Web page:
EPSRC DTP PhD studentship: Assessing the elasticity of lipid mesophases as a model for plasma membranes by Brillouin microscopy
University of Exeter - College of Engineering, Mathematics and Physical Sciences
|Funding for:||UK Students, EU Students|
|Funding amount:||£14,296 per annum|
|Placed on:||1st November 2016|
|Closes:||11th January 2017|
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The elasticity of cell membranes has wide implications in vital mechanisms, such as transmembrane transport, cytoskeletal-network modulation and cell-volume regulation.
Lipid mesophases are a useful model system for studying plasma membrane mechanics and its dependence on lipid composition, interaction with proteins and other biologically-relevant solutes.
This project is focused at testing the feasibility of using Brillouin microscopy to imaging the mechanical properties, such as the viscoelastic modulus and compressibility, of lipid systems as a model for plasma membranes. We have previously shown that Brillouin scattering has the capability to provide the full elasticity tensor and mechanical moduli of extracellular matrix protein fibres and connective tissues (Palombo et al. J R Soc Interface 2014). Through a microfocused approach, we also achieved the first application of site-matched Brillouin and Raman microscopy to epithelial tissue, Barrett’s oesophagus (Palombo et al. Analyst 2014 and J. Biophoton. 2016).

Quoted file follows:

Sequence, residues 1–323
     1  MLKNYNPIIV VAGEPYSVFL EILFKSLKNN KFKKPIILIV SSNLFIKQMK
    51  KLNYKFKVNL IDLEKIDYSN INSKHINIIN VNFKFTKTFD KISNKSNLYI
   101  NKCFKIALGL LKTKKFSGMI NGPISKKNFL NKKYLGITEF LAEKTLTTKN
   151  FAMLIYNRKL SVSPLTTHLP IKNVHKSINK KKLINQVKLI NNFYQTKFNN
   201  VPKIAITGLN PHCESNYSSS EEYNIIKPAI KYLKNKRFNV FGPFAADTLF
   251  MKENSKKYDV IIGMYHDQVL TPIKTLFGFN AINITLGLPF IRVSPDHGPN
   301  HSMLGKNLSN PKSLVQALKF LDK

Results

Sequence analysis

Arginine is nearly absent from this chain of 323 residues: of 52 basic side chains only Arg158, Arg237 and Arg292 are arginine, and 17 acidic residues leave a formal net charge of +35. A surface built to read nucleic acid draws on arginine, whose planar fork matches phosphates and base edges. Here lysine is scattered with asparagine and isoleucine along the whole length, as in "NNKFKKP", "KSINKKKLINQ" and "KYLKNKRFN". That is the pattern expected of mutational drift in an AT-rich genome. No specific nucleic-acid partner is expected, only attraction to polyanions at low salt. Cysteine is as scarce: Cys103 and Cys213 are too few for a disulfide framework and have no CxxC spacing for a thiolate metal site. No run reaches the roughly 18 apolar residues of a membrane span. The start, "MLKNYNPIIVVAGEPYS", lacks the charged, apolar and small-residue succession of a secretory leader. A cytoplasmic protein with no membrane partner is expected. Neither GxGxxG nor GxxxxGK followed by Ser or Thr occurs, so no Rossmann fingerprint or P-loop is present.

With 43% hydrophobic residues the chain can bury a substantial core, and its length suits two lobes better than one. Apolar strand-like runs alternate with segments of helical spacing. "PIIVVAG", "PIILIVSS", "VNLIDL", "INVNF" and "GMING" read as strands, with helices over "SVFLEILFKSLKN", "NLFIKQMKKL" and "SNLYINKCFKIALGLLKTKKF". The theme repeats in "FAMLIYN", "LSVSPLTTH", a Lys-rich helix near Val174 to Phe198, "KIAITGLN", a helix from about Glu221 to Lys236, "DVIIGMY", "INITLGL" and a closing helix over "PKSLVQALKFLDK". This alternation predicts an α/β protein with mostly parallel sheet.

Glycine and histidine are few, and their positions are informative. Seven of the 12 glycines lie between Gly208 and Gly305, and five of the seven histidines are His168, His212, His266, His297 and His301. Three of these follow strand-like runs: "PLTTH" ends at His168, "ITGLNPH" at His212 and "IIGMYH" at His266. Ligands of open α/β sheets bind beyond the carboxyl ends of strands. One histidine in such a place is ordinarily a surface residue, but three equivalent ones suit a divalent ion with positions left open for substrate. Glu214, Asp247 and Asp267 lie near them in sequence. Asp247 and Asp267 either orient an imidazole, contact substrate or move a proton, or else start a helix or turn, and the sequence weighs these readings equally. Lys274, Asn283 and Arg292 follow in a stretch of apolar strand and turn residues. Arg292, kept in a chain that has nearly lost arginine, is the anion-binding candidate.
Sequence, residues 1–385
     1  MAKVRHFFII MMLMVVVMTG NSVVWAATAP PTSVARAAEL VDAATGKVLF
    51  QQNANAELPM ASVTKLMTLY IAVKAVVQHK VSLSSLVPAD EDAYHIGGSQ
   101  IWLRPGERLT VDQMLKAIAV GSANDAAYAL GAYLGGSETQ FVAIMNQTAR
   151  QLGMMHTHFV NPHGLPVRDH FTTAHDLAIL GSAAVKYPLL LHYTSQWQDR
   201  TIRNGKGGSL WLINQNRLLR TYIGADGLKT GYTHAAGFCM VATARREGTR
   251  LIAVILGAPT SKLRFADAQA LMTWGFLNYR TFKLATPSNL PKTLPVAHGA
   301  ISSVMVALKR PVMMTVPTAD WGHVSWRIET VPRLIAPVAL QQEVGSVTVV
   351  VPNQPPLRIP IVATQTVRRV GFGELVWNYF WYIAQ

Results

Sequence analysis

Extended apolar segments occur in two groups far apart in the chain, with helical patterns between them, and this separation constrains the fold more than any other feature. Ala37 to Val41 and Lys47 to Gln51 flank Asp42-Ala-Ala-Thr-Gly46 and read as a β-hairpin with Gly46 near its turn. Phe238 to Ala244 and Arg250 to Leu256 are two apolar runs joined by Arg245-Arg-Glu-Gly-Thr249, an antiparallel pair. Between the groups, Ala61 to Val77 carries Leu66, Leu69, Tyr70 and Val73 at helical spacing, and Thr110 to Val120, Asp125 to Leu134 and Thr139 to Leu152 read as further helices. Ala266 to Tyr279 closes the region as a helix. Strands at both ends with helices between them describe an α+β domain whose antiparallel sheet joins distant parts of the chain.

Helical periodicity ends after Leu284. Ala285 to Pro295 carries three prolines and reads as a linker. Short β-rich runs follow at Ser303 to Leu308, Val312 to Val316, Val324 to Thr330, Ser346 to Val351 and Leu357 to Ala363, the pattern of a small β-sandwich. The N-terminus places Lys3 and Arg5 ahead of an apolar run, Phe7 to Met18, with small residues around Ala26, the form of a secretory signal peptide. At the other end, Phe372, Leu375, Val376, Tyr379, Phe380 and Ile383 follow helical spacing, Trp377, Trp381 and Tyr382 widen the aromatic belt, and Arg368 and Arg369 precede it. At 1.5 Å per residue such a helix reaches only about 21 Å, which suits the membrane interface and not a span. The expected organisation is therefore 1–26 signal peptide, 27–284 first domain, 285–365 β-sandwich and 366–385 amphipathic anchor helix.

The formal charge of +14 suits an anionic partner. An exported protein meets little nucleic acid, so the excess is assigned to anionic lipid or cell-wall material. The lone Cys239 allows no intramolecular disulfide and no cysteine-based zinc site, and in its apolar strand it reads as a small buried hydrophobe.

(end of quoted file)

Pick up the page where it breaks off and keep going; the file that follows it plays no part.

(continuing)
While Brillouin microscopy has proven capable of imaging cell biomechanics contactless and with high spatial resolution (Scarcelli et al. Nature Methods 2015), it has only been applied trough the traditional scanning approach to gain bulk elastic properties of flat multilamellar lipid constructs (LePesant et al. PNAS 1978).
This project will develop the application of a new Brillouin imaging microscope to plasma membrane models to assess the mechanical properties using a contactless spatially resolved technique. Once established, we will use this novel method to investigate the elastic properties of a range of lipid mesophases as well as the effect of cholesterol and proteins on membrane elasticity. This will provide a novel, fast and contactless method for evaluation of lipid bilayer elastic constants.
Initially, the student will be involved in setting up and testing a multi-component optical system for Brillouin microscopy, as well as fine tuning the system to suit measurements of the particular systems involved (lipid mesophases). Once established, the technique will allow the student to undertake systematic experiments on evaluating the mechanical properties of a range of lipid mesophases and the effects of protein-lipid interactions on membrane elasticity. At the later stages of the project the student may be able to address the effects of bacterial toxins on membrane mechanics, an area of active research currently in our group. In summary, the student will be able to: build optical systems, gain extensive expertise in preparing and handling biological/soft matter samples, gain expertise in solid mechanics through the analysis of the experimental data, gain extensive expertise in interdisciplinary science and application of physical methods to biological systems.
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South West England